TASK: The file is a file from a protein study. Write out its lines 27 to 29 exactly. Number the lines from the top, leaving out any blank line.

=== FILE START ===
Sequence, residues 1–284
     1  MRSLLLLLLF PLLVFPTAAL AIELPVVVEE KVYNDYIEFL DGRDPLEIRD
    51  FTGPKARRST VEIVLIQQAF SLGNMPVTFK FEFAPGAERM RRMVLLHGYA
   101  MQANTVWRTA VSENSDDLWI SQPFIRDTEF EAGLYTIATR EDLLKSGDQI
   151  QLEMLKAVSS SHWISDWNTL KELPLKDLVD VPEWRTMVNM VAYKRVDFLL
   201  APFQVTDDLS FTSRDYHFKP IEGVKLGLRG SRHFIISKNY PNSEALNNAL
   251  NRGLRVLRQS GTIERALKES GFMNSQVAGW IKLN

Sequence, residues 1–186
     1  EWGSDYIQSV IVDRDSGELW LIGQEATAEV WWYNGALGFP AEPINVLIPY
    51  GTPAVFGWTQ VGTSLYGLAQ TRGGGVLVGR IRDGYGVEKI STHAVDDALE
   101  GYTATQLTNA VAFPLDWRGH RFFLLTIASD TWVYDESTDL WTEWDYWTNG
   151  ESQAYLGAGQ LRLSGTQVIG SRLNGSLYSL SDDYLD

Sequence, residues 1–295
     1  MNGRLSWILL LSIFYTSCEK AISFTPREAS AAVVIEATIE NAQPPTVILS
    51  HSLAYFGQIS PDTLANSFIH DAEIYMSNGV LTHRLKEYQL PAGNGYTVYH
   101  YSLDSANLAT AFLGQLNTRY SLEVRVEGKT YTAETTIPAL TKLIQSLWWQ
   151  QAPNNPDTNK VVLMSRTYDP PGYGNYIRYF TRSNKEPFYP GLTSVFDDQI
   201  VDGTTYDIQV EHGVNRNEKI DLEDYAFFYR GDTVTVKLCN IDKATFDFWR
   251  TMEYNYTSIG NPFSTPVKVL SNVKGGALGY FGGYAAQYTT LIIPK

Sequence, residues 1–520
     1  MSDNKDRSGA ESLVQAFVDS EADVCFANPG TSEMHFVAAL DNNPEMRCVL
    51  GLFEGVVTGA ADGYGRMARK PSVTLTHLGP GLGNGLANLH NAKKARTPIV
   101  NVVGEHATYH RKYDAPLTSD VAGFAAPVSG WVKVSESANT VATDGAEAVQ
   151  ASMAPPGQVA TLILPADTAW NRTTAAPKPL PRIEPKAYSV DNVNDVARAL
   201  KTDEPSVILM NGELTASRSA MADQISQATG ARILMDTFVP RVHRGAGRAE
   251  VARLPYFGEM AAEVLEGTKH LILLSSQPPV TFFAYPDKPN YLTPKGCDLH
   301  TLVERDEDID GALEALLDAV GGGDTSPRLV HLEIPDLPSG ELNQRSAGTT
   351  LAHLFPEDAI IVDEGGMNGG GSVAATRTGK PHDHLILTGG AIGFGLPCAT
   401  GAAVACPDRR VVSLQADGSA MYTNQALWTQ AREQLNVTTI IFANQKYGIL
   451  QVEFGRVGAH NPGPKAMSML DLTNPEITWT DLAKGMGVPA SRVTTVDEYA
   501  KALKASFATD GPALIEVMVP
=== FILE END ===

   301  TLVERDEDID GALEALLDAV GGGDTSPRLV HLEIPDLPSG ELNQRSAGTT
   351  LAHLFPEDAI IVDEGGMNGG GSVAATRTGK PHDHLILTGG AIGFGLPCAT
   401  GAAVACPDRR VVSLQADGSA MYTNQALWTQ AREQLNVTTI IFANQKYGIL